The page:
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I like the question you raise (I am also a fan of Burt's work),
I am unsure whether you will find a software that does precisely what
you want. However, using a network analysis software and scripting, I
believe you should be able to easily implement a solution to your problem.
This gives me the opportunity to promote the Tulip workshop I am
organizing at the next Sunbelt Conference (in collaboration with C.
Rozenblat from Lausanne, SW).
Tulip allows you to write python script you can run on any network,
being able to visualize the network and see the effect of "hiring X or
Y" is a matter of a few line of codes. May I suggest you to join us in
March? Be there and I promise to deliver a solution to your problem :-)
For more info, have a look at:
Le 13/01/2012 13:31, Michael Vitevitch a écrit :
> ***** To join INSNA, visit http://www.insna.org *****
> Dear SocNet-ers:
> I'm somewhat familiar with the work and measures developed by Burt on
> structural holes, and the work of Borgatti on "keyplayers." What I
> have not been able to find are references/software relevant to a
> related idea (perhaps because I'm not looking in the right area or
> with the right terms). Here is the similar, yet different issue I'm
> interested in:
> Imagine a network of faculty at a university, with edges connecting
> faculty with similar research interests. Instead of adding a link
> between two nodes, say A and B, that already exist (what I understand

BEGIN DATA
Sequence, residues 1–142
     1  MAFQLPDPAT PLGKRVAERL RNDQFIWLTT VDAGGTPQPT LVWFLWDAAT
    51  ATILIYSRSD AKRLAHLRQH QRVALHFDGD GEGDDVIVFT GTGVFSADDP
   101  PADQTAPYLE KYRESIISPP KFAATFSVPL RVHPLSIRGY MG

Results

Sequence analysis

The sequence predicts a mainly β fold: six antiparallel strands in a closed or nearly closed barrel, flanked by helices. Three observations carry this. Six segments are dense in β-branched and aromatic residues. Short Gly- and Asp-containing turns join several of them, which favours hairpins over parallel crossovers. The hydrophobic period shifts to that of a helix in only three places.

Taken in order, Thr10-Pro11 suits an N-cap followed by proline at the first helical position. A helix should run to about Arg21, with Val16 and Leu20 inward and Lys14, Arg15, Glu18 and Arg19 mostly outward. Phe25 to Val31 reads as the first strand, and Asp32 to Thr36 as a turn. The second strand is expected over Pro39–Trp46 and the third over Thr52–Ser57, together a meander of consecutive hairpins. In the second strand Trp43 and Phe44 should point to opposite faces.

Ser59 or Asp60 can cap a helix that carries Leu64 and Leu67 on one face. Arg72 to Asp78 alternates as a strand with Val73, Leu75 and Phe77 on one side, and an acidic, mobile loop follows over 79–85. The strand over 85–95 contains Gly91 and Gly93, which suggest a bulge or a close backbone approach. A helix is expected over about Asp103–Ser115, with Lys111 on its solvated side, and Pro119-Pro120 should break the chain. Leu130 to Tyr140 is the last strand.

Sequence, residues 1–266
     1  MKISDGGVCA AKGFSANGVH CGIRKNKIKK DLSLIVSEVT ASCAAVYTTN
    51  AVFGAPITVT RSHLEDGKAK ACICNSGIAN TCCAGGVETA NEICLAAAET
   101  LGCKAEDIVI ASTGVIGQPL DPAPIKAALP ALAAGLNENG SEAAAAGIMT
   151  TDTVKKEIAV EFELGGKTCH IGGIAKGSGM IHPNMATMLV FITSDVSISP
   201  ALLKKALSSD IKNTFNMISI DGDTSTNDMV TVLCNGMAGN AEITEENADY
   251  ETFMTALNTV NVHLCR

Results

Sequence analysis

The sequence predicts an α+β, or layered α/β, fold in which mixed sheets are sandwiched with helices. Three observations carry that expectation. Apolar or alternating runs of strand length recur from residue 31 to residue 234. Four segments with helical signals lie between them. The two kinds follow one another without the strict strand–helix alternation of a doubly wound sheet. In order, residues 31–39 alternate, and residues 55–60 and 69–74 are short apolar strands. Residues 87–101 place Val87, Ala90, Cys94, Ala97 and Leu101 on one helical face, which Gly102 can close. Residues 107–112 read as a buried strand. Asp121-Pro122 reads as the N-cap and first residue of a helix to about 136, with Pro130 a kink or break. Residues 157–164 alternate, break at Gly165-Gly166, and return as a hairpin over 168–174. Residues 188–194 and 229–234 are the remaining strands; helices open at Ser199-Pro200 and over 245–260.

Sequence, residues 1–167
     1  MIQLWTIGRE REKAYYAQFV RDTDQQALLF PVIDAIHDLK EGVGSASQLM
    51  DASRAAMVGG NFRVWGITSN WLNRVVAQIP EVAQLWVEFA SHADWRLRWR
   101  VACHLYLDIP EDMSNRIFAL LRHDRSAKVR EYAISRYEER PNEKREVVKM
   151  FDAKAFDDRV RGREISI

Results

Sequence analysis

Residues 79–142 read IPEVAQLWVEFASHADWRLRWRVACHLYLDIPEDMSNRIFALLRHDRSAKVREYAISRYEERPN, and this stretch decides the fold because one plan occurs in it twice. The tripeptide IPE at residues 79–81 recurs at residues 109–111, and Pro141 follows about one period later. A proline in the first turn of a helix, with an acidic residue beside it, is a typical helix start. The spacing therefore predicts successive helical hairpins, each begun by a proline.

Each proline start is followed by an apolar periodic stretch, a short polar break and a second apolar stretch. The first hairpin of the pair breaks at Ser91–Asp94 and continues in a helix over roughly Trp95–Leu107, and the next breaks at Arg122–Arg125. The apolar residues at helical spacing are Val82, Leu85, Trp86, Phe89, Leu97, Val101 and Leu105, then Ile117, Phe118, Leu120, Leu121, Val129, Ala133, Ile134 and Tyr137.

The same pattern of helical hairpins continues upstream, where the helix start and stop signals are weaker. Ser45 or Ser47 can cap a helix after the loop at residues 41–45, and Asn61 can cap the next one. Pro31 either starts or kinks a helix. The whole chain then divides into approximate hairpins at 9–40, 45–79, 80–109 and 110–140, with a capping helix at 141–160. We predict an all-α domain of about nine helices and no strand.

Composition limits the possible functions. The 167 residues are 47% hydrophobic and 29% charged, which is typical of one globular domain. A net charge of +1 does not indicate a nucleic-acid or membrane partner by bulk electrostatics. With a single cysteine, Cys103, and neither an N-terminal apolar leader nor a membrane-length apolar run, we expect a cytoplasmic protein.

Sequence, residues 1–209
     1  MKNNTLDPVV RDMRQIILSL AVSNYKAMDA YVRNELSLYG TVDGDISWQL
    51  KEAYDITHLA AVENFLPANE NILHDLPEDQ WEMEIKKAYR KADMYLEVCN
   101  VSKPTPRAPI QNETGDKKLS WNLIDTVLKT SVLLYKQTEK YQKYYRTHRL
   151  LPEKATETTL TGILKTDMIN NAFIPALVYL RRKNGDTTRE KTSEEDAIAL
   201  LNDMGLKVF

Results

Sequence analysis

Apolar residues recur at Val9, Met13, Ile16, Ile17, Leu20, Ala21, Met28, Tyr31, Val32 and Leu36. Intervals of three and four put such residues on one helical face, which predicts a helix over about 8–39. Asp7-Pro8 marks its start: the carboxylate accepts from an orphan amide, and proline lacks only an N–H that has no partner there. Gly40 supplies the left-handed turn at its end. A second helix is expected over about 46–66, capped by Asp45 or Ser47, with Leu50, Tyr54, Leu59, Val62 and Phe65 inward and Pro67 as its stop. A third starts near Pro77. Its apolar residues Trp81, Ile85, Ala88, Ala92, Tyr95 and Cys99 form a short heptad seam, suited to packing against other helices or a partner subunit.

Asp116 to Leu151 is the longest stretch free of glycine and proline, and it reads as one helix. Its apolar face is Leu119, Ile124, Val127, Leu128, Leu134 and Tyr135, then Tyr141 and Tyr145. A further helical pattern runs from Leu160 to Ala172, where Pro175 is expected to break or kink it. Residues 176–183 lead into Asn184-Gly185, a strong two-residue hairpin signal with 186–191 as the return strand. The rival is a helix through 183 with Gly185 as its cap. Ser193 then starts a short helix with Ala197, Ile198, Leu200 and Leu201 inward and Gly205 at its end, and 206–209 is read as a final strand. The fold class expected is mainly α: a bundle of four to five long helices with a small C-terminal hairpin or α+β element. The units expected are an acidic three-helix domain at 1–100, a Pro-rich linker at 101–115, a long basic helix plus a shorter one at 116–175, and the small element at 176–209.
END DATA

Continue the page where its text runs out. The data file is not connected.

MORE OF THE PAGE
> as the structural holes issue), I'm interested in being able to
> identify portions of the network that would be "strengthened" by or
> otherwise benefit from the addition of a *new* node that connects to
> two existing nodes in the network. This might be equivalent to hiring
> a new faculty member (X) to build collaborative relations between two
> existing nodes (A and B) rather than directly connecting A and B. I'm
> interesting in some sort of metric/measure to indicate that hiring X
> to "connect" A and B would yield more "benefits" (e.g., more resilient
> network, average path length decreases, etc.) than hiring Y who would
> "connect" A and F, for example.
> Pointers to literature on this issue and software that can identify
> such regions of a network would be greatly appreciated.
> Thanks for any assistance anyone can offer.
> Mike Vitevitch
> Michael S. Vitevitch, Ph.D.
> Associate Professor
> Department of Psychology
> 1415 Jayhawk Blvd.
> University of Kansas
> Lawrence, KS 66045
> e-mail: [log in to unmask]
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